The Jack London State Historic Park, which the celebrated writer described as "130 acres of the most beautiful, primitive land to be found in California", is still rich with memory. This is the penultimate destination on our 10-day, self-guided slackpacking Wine Country Trek from San Francisco into the Sonoma wine country.
The trek has taken us across some gorgeous, diverse country during our 100-kilometre hike north through Marin and Sonoma counties; none more so than this lush valley on the outskirts of the Sonoma village of Glen Ellen.
With 47 kilometres of trails across six square kilometres, this place of ancient redwoods, lofty oaks, maples and laurels, lakes, historic orchards, vineyards, high ridges and stunning vistas was designated a National Historic Landmark in 1963.
Jack London, author of White Fang and Call of the Wild, wasn't just a writer – the first American writer to earn $1 million, as it happens. He was also a war correspondent, adventurer, social activist, innovator and pioneering farmer with a spirit of adventure and fun.
A visit to his beloved home gives insight into his intelligence and humanity, as well as a chance to walk the trails that London and his great love, his second wife Charmian, enjoyed.
So it's a particularly diverse state park where the dreams – and desolation – of the Londons was realised.
London, who wrote 50 books translated into 70 languages and who achieved much during his lifetime, died tragically young at 40 from kidney disease. This year is the centenary of his death and custodians plan monthly events to highlight facets of his inspiration and innovation.
We hike to The House of Happy Walls, a peaceful stone home that Charmian built as a monument to her husband. Though devastated by his death, she committed herself to promoting his legacy. She sold his writings, working with agents, publishers, translators and the film industry, becoming well known in her own right, never remarrying.
Charmian filled her place of memory with artefacts collected during their many adventures – from fishing spears to calabashes to books and mementoes.
Today, the museum traces the Londons' jam-packed life, including Jack's publishing and war correspondent papers; look out for his first rejection letter. He was prolific, writing 1000 words daily, six days a week as well as hundreds of essays, stories and pieces of journalism.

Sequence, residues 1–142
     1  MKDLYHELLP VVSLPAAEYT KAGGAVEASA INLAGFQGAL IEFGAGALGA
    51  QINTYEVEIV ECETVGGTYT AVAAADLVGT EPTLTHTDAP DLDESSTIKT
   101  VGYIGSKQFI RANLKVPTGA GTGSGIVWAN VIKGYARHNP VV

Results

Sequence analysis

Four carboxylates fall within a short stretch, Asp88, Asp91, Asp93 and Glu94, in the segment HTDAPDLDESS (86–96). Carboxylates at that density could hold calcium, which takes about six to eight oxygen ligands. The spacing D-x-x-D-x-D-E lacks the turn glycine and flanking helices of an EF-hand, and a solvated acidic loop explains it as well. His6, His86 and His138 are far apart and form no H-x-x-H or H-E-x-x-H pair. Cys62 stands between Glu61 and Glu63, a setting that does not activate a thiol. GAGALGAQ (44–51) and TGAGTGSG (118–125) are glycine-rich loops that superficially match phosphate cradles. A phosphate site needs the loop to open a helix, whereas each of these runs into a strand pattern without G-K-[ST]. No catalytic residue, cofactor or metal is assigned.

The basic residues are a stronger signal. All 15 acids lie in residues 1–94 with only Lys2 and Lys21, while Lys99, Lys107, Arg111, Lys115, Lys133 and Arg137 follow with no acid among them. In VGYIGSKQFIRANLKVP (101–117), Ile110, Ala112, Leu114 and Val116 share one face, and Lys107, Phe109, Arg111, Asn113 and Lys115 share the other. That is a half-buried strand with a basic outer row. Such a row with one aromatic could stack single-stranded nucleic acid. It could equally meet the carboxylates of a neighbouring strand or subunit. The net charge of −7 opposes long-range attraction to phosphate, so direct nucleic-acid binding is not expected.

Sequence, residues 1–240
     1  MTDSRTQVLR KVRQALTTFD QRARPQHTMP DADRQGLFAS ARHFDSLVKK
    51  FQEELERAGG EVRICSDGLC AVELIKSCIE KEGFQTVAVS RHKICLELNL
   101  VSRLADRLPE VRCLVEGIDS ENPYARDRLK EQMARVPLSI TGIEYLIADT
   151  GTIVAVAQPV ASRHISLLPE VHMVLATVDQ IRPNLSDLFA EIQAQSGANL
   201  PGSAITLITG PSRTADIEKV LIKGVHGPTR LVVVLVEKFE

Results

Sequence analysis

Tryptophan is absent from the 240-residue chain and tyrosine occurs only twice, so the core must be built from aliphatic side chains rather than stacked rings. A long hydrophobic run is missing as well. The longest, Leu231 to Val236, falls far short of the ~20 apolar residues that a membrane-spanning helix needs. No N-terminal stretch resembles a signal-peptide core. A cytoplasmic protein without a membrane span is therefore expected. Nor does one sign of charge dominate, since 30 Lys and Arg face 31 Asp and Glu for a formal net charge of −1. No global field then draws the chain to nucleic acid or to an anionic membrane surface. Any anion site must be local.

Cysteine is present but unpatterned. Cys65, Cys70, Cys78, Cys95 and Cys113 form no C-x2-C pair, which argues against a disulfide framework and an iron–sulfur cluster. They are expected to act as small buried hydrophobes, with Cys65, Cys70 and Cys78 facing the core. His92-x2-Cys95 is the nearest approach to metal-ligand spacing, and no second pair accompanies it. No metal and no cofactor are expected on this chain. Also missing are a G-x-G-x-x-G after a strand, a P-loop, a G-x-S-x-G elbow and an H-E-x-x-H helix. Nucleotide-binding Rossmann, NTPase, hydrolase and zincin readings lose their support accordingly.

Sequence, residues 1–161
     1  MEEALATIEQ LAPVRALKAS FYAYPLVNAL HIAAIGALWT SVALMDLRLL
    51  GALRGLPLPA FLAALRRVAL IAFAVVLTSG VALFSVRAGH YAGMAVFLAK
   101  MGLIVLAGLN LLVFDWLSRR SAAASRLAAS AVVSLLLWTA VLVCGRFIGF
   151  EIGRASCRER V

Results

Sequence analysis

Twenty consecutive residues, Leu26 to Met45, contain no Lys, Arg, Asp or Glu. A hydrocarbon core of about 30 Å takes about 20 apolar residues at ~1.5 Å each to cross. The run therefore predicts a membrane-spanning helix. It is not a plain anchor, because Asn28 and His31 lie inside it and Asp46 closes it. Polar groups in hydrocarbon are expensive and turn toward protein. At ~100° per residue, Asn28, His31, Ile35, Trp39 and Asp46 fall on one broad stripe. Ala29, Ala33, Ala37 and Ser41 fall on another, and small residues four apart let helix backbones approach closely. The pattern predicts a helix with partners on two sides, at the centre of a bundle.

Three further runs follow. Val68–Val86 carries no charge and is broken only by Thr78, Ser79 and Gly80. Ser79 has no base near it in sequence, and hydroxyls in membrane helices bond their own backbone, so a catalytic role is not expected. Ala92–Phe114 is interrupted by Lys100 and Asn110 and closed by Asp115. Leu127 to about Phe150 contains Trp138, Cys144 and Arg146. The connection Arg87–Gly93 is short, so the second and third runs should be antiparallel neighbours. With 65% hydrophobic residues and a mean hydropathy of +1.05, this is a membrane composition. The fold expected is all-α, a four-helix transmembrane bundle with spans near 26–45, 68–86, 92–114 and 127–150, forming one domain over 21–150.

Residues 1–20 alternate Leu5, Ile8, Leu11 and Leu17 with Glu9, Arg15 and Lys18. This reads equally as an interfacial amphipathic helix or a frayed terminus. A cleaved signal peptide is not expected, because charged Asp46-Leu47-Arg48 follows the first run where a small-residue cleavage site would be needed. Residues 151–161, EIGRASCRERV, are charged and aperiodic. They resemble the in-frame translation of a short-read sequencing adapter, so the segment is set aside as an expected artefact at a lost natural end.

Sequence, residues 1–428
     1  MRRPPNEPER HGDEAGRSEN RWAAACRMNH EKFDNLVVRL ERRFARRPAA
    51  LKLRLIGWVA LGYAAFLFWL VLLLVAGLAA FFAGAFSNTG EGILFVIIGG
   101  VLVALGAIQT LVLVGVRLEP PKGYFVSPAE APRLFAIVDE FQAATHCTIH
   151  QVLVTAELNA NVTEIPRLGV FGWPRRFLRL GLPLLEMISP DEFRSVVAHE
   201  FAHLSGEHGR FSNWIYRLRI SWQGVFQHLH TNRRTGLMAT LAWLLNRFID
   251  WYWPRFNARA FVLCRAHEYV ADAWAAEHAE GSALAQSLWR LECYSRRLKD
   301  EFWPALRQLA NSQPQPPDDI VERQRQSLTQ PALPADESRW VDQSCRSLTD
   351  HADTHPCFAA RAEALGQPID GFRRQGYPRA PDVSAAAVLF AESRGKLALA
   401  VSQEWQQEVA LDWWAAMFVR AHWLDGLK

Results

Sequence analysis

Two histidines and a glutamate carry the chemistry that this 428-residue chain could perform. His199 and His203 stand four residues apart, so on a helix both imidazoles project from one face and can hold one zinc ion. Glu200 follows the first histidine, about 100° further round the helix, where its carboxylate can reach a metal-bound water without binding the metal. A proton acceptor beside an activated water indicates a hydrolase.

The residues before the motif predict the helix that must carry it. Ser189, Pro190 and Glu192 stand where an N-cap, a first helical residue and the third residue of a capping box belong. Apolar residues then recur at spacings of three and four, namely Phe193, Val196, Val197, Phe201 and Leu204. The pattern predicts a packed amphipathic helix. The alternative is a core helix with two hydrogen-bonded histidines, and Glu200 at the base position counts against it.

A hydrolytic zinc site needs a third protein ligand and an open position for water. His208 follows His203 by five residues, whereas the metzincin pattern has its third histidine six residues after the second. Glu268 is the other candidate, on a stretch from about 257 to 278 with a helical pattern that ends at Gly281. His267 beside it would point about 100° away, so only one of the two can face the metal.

There are stories about his upbringing, which contributed to his sense of social justice, their travel destinations and the saga of their dream yacht, The Snark, named after the creature in the Lewis Carroll poem.
Their adventures were both fascinating and fraught. Malaria and other diseases plagued them and certain places were less than fun. "If I were a king, the worst punishment I could inflict on my enemies would be to banish them to the Solomons," London wrote.
Illness forced them to abandon their voyage in Sydney in 1909. Their beloved vessel was sold and eventually abandoned on a reef in the New Hebrides.
It's hard to leave this absorbing museum, thankfully unsullied by a gift shop. Afterwards, we walk to the ruins of the Londons' dream home, begun in 1911 and dubbed the Wolf House for the many books he wrote about wolves and dogs.
The house burned down just before completion and London died before he could rebuild.
On a little knoll overlooking the Valley of the Moon is the grave site where Jack and Charmian's ashes are scattered.
Hiking further, we arrive at Beauty Ranch and the Londons' principal home, the Cottage, as well as the winery ruin, silos, barns and Pig Palace, christened thus by neighbours unimpressed by London's avant garde animal husbandry and scientific farming methods. He improved his land with soil rejuvenation methods gleaned during his travels. His ideas foreshadowed modern organic and biodynamic methods.
Our detailed trail guide takes us up the valley, past vineyards into cool redwood and mixed evergreen forests. Horse riders pass us as we climb past London Lake towards the ancient grandmother tree – a 2000-year-old first-growth redwood.
Here we stop and lunch on our excellent grilled paninis bought earlier from the Glen Ellen Village Market deli. Locals stop to chat, expressing their passion for this special place that, on Charmian's wishes, was donated to the State of California.
It's time to reluctantly hike out of the park and down the hill towards the Benziger Winery where our Glen Ellen wine tasting trail begins, to drink a toast to great lives cut short.
Qantas flies from Sydney, Melbourne and Brisbane to San Francisco. See www.qantas.com.au
San Francisco to the Wine Country 10-day/9-night self-guided hike includes trail guides, premier lodging, in-hike transfers, breakfasts, lunches, private wine tastings, kayaking, private catered dinner. From $US2650 ($3733) a person sharing. Shorter options available. See www.winecountrytrekking.com.
Alison Stewart travelled with the assistance of Wine Country Trekking.